Chan was born on 7 April 1954, in Hong Kong, as Chan Kong-sang, to Charles and Lee-Lee Chan, refugees from the Chinese Civil War. His mother or parents nicknamed him Pao-pao Chinese: 炮炮 ("Cannonball") because the energetic child was always rolling around. His parents worked for the French ambassador in Hong Kong, and Chan spent his formative years within the grounds of the consul's residence in the Victoria Peak district.
Chan attended the Nah-Hwa Primary School on Hong Kong Island, where he failed his first year, after which his parents withdrew him from the school. In 1960, his father emigrated to Canberra, Australia, to work as the head cook for the American embassy, and Chan was sent to the China Drama Academy, a Peking Opera School run by Master Yu Jim-yuen. Chan trained rigorously for the next decade, excelling in martial arts and acrobatics. He eventually became part of the Seven Little Fortunes, a performance group made up of the school's best students, gaining the stage name Yuen Lo in homage to his master. Chan became close friends with fellow group members Sammo Hung and Yuen Biao, and the three of them later became known as the Three Brothers or Three Dragons. After entering the film industry, Chan along with Sammo Hung got the opportunity to train in hapkido under the grand master Jin Pal Kim, and Chan eventually attained a black belt. Jackie Chan also trained in other styles of martial arts such as Karate, Judo, Taekwondo and Jeet Kune Do.
He began his career by appearing in small roles at the age of five as a child actor. At age eight, he appeared with some of his fellow "Little Fortunes" in the film Big and Little Wong Tin Bar (1962) with Li Li-Hua playing his mother. Chan appeared with Li again the following year, in The Love Eterne (1963) and had a small role in King Hu's 1966 film Come Drink with Me. In 1971, after an appearance as an extra in another kung fu film, A Touch of Zen, Chan was signed to Chu Mu's Great Earth Film Company. At seventeen, he worked as a stuntman in the Bruce Lee films Fist of Fury and Enter the Dragon under the stage name Chan Yuen Lung (Chinese: 陳元龍). He received his first starring role later that year in Little Tiger of Canton that had a limited release in Hong Kong in 1973. In 1975, due to the commercial failures of his early ventures into films and trouble finding stunt work, Chan starred in a comedic adult film All in the Family in which Chan appears in his first nude sex scene. It is the only film he has made to date without a single fight scene or stunt sequence. Jackie Chan later also appeared in one other sex scene, in Shinjuku Incident.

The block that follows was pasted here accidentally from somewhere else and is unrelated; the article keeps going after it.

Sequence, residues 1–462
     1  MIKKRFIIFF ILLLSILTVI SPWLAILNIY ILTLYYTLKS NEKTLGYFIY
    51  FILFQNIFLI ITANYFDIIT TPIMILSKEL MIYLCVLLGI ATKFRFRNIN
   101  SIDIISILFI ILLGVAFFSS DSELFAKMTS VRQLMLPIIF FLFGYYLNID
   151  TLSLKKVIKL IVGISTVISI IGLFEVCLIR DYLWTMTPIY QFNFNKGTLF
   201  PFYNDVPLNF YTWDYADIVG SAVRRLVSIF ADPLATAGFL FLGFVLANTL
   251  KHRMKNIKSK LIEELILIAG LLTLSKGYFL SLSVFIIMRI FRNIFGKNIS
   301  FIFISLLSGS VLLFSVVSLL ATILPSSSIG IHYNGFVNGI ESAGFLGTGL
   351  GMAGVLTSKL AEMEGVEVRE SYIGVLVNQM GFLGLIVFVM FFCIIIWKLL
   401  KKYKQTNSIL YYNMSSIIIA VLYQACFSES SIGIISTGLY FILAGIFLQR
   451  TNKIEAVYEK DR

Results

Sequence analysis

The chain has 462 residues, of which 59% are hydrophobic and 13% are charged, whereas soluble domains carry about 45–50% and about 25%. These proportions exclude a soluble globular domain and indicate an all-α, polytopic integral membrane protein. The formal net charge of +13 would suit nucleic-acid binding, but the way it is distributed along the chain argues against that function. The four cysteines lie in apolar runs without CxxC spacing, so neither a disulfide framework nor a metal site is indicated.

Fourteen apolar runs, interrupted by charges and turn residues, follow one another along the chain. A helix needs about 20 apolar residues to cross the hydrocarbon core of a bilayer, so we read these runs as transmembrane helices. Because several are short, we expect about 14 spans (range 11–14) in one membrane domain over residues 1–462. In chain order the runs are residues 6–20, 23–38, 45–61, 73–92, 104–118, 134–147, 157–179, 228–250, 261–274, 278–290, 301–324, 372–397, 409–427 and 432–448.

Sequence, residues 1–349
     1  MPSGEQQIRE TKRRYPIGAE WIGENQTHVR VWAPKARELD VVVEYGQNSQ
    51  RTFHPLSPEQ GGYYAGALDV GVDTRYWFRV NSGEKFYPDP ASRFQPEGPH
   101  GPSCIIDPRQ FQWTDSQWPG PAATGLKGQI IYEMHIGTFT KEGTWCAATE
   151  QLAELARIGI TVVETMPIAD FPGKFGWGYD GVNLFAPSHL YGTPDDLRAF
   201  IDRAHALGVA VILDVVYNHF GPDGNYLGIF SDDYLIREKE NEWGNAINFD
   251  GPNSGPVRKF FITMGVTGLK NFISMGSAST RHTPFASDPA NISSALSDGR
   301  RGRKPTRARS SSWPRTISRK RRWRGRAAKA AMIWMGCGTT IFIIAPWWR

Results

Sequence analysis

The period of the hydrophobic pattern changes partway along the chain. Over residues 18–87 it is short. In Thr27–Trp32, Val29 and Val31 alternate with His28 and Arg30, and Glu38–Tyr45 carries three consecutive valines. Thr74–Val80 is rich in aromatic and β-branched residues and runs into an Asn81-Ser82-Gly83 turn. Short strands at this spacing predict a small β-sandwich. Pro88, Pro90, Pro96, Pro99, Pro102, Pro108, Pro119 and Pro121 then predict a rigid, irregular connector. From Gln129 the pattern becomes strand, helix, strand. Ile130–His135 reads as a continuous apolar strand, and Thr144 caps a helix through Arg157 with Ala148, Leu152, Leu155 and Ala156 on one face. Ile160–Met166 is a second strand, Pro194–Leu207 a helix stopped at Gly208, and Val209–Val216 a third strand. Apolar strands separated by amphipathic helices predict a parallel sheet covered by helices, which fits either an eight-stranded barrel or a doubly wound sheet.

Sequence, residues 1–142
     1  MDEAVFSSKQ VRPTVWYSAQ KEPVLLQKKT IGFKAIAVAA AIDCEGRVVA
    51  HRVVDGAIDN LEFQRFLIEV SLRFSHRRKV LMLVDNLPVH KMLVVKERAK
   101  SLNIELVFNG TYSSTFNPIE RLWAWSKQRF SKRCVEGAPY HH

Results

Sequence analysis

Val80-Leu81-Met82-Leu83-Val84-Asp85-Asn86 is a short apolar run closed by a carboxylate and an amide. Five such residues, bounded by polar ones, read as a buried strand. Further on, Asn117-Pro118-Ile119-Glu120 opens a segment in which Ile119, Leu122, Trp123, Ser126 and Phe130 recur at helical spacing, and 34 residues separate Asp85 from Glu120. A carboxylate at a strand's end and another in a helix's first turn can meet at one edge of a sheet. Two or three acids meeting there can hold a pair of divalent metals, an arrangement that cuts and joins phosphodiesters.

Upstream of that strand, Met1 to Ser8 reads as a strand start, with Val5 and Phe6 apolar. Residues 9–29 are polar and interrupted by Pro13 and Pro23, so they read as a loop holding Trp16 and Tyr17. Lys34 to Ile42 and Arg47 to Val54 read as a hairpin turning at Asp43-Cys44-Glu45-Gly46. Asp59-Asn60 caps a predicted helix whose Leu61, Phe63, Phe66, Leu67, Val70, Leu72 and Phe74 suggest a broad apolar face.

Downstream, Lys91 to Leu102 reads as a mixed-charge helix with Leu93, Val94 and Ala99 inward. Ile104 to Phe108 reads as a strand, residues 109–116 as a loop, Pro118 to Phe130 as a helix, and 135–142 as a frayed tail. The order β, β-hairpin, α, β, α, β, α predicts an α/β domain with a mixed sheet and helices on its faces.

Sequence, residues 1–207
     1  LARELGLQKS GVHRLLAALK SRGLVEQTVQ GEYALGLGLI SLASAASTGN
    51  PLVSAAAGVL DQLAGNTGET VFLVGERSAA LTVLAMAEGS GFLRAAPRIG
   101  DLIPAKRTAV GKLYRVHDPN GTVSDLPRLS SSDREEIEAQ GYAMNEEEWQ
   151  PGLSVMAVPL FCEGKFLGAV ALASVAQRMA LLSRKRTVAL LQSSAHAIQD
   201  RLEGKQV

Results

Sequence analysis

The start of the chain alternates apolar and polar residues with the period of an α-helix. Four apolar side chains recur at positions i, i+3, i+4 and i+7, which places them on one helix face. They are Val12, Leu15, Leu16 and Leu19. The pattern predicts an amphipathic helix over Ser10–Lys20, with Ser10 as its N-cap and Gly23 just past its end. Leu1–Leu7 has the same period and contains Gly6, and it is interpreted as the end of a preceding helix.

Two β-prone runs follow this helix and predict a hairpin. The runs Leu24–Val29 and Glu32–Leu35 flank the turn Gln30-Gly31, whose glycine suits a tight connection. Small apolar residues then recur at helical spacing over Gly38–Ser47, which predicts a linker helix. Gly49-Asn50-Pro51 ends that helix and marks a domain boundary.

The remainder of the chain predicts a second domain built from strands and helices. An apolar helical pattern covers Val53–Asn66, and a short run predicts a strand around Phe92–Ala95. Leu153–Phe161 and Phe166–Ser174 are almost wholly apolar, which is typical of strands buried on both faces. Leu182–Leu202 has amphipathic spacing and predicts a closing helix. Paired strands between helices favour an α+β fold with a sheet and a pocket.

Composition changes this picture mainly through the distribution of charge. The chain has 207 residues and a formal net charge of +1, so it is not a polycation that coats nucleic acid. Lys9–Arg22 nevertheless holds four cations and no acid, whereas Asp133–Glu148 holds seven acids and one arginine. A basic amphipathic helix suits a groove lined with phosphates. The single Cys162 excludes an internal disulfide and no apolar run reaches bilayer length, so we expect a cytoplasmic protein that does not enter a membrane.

Chan joined his parents in Canberra in 1976, where he briefly attended Dickson College and worked as a construction worker. A fellow builder named Jack took Chan under his wing, thus earning Chan the nickname of "Little Jack" that was later shortened to "Jackie", and the name Jackie Chan has stuck with him ever since. In the late 1990s, Chan changed his Chinese name to Fong Si-lung (Chinese: 房仕龍), since his father's original surname was Fong.